• EdMJ

    For it is not just white people who practised the evil of slavery – the little secret that the Marxist education system and the Marxist “mainstream” media do not want people to know, is that almost EVERY culture practised the evil of slavery.

    Not only that, but they also don’t want you to know that slavery is more prevalent (in numerical terms – 45.8 million in 2016) now than at any time in history. And that the places where it is prevalent are nearly entirely non-white.

    “The countries with the highest estimated prevalence of modern slavery by the proportion of their population are North Korea, Uzbekistan, Cambodia, India, and Qatar. 58% of those living in slavery are in 5 countries: India, China, Pakistan, Bangladesh, Uzbekistan.”

    “The countries with the lowest estimated prevalence of modern slavery by the proportion of their population are Luxembourg, Ireland, Norway, Denmark, Switzerland, Austria, Sweden and Belgium, the United States and Canada, and Australia and New Zealand. These countries generally have more economic wealth, score higher on government response, have low levels of conflict, and are politically stable with a willingness to combat modern slavery.”

    Source: https://www.globalslaveryindex.org/findings/

    Heatmap: https://en.wikipedia.org/wiki/Contemporary_slavery#/media/File:Modern_incidence_of_slavery.png

    Do the Marxists give a damn about any of these poor souls – ACTUAL slaves? Of course not, it doesn’t fit their narrative of “White = Racist”. Case in point: https://pbs.twimg.com/media/DE0ba6bXsAAQjXq.jpg

    This is the only way to deal with this sort of nonsense: http://cernovich.com/alt-leftist-groin-pepper-ball-meme/ #PepperBall

  • Johnathan Pearce

    I think it’s nothing more than a case of Leftists finding it counterproductive to acknowledge that just prior to the beginning of the civil war, no republicans owned slaves, and all the slaves were owned by democrats.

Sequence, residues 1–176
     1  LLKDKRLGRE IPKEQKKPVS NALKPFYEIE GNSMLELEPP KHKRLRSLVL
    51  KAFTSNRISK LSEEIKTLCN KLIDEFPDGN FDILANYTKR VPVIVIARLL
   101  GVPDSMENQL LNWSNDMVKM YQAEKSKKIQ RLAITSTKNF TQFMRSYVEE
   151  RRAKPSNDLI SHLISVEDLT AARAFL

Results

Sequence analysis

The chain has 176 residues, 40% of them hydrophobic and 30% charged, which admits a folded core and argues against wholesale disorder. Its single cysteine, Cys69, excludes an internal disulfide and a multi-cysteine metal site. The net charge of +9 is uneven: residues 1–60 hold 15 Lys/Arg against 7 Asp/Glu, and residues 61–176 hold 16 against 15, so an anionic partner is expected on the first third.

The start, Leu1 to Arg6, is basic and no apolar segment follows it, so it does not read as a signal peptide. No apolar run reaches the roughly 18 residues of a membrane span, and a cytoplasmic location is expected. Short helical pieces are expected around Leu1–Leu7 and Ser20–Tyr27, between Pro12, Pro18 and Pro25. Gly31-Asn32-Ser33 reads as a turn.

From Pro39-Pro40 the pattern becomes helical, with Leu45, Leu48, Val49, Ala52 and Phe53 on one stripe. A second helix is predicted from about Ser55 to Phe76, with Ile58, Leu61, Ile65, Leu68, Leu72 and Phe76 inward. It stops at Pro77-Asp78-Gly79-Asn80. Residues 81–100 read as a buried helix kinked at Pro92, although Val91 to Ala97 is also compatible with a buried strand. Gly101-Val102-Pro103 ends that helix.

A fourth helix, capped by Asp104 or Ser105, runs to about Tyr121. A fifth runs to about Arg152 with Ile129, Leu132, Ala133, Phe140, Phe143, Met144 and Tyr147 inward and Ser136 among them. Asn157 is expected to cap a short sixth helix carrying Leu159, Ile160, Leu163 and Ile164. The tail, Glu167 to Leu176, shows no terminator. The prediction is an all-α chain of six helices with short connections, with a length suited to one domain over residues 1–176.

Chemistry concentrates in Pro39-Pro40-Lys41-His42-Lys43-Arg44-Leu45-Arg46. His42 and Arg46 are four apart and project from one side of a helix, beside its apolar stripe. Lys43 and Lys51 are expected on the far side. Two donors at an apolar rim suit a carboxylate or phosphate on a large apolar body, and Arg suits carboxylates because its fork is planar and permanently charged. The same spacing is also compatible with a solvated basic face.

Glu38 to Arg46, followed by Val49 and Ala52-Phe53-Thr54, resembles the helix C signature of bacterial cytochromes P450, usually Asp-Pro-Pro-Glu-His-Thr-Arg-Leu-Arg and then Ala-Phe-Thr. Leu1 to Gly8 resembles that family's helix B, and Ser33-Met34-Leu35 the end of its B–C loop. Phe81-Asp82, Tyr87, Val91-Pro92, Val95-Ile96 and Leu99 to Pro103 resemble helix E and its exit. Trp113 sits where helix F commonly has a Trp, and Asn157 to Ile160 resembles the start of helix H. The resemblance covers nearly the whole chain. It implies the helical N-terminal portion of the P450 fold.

True; I wonder how many of the fools smashing/defacing statues/other have a clue about the politics of the pre-Civil War south?

    Wobbly: During the 2nd Gulf War, didn’t the Iraqis pull down such monuments without any due process?
    Well, it was during a war, and things like this happen. The Coalition did not have enough time to create a museum of horrors to mark the vile rule of Saddam. Time also has something to do with it: Saddam was still on the run, and memories of his crimes were fresh among the families of his victims; this is not quite the case with statues of those who led battles a century-plus ago. Time and wounds, etc.

    (Wobbly: you live in Singapore, if I recall. I remember the very fine statue of Raffles there. Great man.)

    EdMJ: definitions vary, but yes, slavery today remains a major issue, and deserving of more coverage than it gets. Needless to say, PC concerns are a reason why the causes of much of it don’t get more coverage. We need another blog posting on that subject alone!

  • I have nothing against tearing down monuments per se, provided it is part of ‘the now’, rather than simply an attempt to rewrite or deny history.

    I always cheer when a statue of Marx is torn down in Ukraine these days, or in Croatia in 1992. Blowing up the swastika over Zeppelinfield right after WW2 also made sense. But I would hate for them all to be torn down, and really hate for them to be torn down decades later when it is essential that what they represented be remembered and pondered for all manner of reasons.

  • Shirley Knott

    It’s really much simpler.
    This is simply ‘the tragedy of the commons’ writ large.

    It is not, quite explicitly not, the government’s job to erect monuments. It is always a bad sign when they do.

    Tear them all down, without exception. Or better, sell them off. Let those who think Lenin or Lee or Washington or Walpole or Disraeli or Nelson or whomever or whatever deserves a monument pay for it and sustain or maintain it themselves.

    Even if 99% of the populace think a monument is warranted and would cheerfully fork over their own money to make it happen, there is no justification whatsoever for taking any money at all from the remaining 1% who do not think a monument is warranted or who simply do not care to fork over any of their money for it.

  • John B

    ‘When there is a public space, however, the decision is necessarily a public matter, and in a constitutional republic…’